By now pretty much everyone involved in delivering the new Maths GCSE course in England are aware of the increased emphasis on pupils having proportional reasoning skills. Ratio, Proportion and rates of change as a separate strand of the GCSE is worth up to 25% of the assessed content of the qualification, and will appear linked with lots of other areas of maths. Already we are used to the idea of ratio and proportion appearing in trigonometry, scale diagrams, recipes, value for money, many different contexts; I want to look specifically at a couple of ways proportion appears in straight line graphs.

Most teachers of the new GCSE (and quite possibly old) will be familiar with the obvious relationship that proportion has with straight line graphs; namely the graph of two variables that vary directly with each other. Graphs of the form

*y*=*kx*are a fairly straight-forward link between proportionality and straight line graphs.
In this graph, the

*y*values and*x*values are proportional, with the ratio*x*:*y*being 3:5. This kind of proportion should be relatively straight forward for any pupil that really understands proportion as an idea, and for those more graphically minded may even help with being able to visualise proportion. So what about this graph:
Clearly this is not a 'proportion' graph in the sense that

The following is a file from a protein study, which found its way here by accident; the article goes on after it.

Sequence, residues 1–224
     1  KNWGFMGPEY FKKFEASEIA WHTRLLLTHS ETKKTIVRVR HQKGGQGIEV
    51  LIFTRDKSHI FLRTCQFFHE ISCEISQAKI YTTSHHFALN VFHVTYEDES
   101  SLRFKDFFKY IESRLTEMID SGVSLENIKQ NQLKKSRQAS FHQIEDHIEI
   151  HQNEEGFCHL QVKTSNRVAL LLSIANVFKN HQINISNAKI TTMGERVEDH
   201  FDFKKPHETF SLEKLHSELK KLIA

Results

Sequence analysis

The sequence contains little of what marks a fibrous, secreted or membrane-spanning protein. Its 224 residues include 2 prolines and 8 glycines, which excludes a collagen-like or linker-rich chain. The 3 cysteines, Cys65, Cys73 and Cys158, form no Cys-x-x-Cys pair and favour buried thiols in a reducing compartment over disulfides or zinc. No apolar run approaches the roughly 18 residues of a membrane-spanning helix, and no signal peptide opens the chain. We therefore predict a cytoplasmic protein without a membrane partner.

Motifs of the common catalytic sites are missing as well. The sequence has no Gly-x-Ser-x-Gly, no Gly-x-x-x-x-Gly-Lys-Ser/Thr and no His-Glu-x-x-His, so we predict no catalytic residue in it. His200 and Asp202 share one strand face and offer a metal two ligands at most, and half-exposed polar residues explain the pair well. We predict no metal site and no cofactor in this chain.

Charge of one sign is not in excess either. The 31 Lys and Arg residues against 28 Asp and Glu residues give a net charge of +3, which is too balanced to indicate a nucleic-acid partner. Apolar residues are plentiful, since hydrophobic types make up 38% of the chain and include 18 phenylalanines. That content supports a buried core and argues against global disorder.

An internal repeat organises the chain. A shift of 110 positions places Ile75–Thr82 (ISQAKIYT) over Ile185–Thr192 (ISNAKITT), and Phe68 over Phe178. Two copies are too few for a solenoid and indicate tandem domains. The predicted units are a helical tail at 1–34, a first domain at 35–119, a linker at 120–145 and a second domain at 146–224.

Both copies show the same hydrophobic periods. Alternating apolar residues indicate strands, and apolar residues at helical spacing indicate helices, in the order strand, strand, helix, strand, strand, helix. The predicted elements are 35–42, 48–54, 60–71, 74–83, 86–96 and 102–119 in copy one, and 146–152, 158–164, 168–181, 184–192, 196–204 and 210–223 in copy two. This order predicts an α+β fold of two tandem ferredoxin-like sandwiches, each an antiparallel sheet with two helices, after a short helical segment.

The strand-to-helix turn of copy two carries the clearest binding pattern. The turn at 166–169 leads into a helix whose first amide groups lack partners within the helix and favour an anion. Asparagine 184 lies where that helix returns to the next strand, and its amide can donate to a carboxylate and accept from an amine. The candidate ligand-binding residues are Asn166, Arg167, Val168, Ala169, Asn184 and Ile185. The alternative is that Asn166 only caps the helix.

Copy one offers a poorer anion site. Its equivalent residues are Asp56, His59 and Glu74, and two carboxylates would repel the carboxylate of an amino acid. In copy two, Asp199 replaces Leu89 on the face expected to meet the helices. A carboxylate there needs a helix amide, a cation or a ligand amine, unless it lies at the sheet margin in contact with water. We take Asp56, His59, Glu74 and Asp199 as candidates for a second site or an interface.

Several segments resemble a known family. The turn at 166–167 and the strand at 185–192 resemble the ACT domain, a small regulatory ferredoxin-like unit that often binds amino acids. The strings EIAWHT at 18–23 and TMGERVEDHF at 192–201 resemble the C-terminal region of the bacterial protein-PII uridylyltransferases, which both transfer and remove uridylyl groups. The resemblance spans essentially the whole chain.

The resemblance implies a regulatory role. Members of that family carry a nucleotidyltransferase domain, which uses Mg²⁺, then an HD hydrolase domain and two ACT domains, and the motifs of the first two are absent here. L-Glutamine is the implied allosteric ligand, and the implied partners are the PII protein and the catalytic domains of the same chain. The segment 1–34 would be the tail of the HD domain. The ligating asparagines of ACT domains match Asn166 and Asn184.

*y*and*x*are not in proportion to each other. However if we take a closer look...
Clearly there is a proportion going on here, but what is it? Of course in this case it is not the variables that are in proportion; rather it is

**the rates of changes in the variables**that are in proportion. Specifically in this case that the change in*y*is half of the change in*x*(leading of course to the gradient of ½).
This proportionality is often overlooked, or at least not made explicit, but given that rates of change is now part of the new GCSE I think it will be worth highlighting the idea of a straight line as a line where the rate of change of

*y*is proportional to the rate of change of*x*and that this proportionality is where we get the concept of gradient. This may well help pupils when it comes to rates of changes of curves by applying tangents; if pupils are already familiar with the idea of gradient at rate of change because it has been made explicit when working with straight lines the the concept should come more readily when moving on to rates of change of curves.
So in order to ensure your pupils are ready for rates of change at GCSE, consider introducing them not just to graphs where the variables are in proportion, but also where the rate of change of one variable with respect to another is proportion: for if pupils can gain a deep understanding of how gradient links to proportionality then the beginnings of calculus are well within their grasp.